Look, I’m not overstating things when I say that the hope of an entire race of people rests upon a single move. We’re talking Jon M. Chu’s Crazy Rich Asians. I’m writing this without having seen the film and do I really have to tell you I’m Asian-American as well?
Crazy Rich Asians is an important film for this significant minority group in America. The “internet” calls it the Asian Black Panther. Marvel’s Black Panther proved that American audiences overwhelming embraced a predominantly African-American cast and African-American filmmakers with their praise and pocketbook. I want to think the big studios learned that if you have a good story and a competent and passionate filmmaker, that no matter the color of the cast and crew there is an audience who will give you large sums of cash to see that film. Greed knows no color.
In contrast, Amy Tan’s The Joy Luck Club was the last time a major studio (Disney/Hollywood Picture) put its faith in an Asian-American filmmaker (Wayne Wang) and an Asian-American cast (Ming-Na Wen, Tamlyn Tomita, Lauren Tom, and Rosalind Chao). That was only twenty-five years ago.
“…no matter the color of the cast and crew there is an audience who will give you large sums of cash. Greed knows no color.”
Why twenty-five years? I’m not that guy who blames everything on institutional racism. While it did have its role, one also has to look at the lack of Asian-American source material that could appeal to a broad audience and a generation of Asians that brought honor to their families as doctors, lawyers, and engineers, while expressly forbidden by their parent from pursuing the arts. My Asian brothers and sisters, you know its true.
Twenty-five years later, Asians in America were very different. There’s more of us now numbers-wise, we’re coming from more Asian countries and second and third generation Asian-Americans are getting into the arts. Consider this former banker casting all aside and getting into the high paying field of film criticism. The ancestors would be proud (removing tongue from cheek).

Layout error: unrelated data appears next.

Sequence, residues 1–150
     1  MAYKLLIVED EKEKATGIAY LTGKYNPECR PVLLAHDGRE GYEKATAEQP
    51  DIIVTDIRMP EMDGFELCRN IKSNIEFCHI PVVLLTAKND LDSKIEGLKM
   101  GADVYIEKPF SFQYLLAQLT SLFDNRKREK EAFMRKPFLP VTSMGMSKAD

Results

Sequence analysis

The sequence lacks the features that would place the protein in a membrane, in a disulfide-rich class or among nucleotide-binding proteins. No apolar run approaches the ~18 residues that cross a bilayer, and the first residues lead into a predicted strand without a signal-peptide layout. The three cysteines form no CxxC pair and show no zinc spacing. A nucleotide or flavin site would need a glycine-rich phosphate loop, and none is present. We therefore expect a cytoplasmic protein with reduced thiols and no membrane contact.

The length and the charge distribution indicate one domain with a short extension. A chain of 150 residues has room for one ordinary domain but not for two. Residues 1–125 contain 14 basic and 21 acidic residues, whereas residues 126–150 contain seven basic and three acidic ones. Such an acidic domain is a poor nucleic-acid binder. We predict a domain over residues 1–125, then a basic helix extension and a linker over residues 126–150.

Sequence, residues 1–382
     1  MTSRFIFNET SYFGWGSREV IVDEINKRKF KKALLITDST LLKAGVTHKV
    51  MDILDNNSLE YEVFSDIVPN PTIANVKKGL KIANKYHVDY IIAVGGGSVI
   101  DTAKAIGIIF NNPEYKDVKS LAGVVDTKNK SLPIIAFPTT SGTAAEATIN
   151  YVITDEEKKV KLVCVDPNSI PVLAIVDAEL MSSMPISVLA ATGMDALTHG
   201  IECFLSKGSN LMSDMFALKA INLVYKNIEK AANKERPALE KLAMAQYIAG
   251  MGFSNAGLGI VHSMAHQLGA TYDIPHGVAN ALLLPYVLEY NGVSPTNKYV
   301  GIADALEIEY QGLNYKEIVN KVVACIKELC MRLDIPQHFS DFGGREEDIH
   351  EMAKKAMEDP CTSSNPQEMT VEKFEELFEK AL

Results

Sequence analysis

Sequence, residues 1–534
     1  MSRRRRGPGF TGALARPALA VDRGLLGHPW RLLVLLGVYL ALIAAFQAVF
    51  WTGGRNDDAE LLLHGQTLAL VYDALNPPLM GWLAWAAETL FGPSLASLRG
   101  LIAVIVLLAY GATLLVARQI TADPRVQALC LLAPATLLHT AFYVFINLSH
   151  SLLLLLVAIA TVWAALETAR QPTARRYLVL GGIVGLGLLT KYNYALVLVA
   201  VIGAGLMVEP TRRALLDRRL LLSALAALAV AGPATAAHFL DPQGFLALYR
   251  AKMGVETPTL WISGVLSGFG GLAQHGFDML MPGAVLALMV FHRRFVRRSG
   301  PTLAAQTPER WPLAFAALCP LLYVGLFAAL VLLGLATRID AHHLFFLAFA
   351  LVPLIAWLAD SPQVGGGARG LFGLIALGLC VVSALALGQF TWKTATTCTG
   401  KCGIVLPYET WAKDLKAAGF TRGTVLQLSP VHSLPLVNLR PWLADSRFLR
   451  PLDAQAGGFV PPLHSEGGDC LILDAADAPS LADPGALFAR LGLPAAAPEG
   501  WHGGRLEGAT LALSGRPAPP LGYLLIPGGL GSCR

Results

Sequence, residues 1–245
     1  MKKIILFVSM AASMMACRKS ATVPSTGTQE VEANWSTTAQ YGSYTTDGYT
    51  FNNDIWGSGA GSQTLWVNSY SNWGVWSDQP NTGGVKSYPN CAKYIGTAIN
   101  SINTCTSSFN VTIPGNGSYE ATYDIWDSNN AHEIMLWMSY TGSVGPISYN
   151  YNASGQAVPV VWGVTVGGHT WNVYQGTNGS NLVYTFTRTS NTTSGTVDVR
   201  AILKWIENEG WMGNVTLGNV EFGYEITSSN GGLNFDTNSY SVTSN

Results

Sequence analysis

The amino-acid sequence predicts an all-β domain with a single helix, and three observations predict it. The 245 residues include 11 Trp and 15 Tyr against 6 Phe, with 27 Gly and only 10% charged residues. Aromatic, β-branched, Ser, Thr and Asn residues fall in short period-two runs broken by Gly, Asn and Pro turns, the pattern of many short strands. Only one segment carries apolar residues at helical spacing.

I’m hitting this Asian vs. Asian-American thing pretty hard because it’s an important distinction to make. From the studio standpoint, they were more willing to hire actors and directors with proven track records overseas, than risk their precious films with homegrown talent.
So now’s the time. There is a great deal of pressure for Crazy Rich Asians to succeed and it’s not lost on everyone associated with the film. Failure can set Asian-American filmmaking back another two-and-a-half decade. Don’t think I’m serious. Consider television show All-American Girl starring Margaret Cho and BD Wong. It only too 20 years for the networks to forget All-American Girl and give Fresh Off the Boat a chance.
“…hitting this Asian-American thing pretty hard because it’s an important distinction…”
Let’s be practical for the moment. Asian Black Panther is putting unfair pressure on this film. Black Panther is a Marvel superhero film with a $200 million budget. It also appeals to a broad audience and joins Iron Man and Captain America as part of a proven successful universe.
Crazy Rich Asians must cross a few insurmountable obstacles to find success. First, while based on Kevin Kwan’s best-selling novel of the same name, Americans are not known as a “reading” culture. Next, it’s production budget is $30 million. Fine for a superhero film, but Crazy Rich Asians is a romantic comedy. In today’s business model, the film probably has to hit $40 to $50 million in its opening weekend and $100 million total to be declared a success. Lastly, the casts boast no A-List star or hot lead actors and let’s face it the cast is all Asian. Hopefully, Black Panther’s success makes this last point a moot one.
Help us Crazy Rich Asians. You’re our only hope. Let’s end by considering the possible outcomes by examining quality and box office. Outcome 1. Jon M. Chu’s film is good, and it makes a lot of money. Clearly the best option. The studio makes money, and they will want to repeat that success and make more films with Asian-Americans.
“…a big thanks to the white readers of Film Threat for…seeing an important Rom-Com…”
Outcome 2. The film is bad, but it’s profitable. Cheap victory, but I’ll take it. The downside is studios will be on the hunt for the Asian-Spielberg and the Asian-Ron-Howard. We don’t look good with red hair. A victory none-the-less.
Outcome 3. The film is good, but it underperforms at the box office. Here we learn that American has not learned anything in the past two years and we’ll see you in another twenty-five years.
Outcome 4. The film is bad, and it fails at the box office. It is here that I refrain from any smart remarks to keep my job.
Let’s get sappy. Kudos to Warner Brothers for the opportunity. Unlike, All-American Girl, Chu was able to make the film he wanted to make with very little studio interference. Special thanks to Jon M. Chu and Adele Lim for taking the risk knowing the importance of this one film. And a big thanks to the white readers of Film Threat for stepping away from your geek and horror films and seeing an important Rom-Com…several times…for the sake of world peace.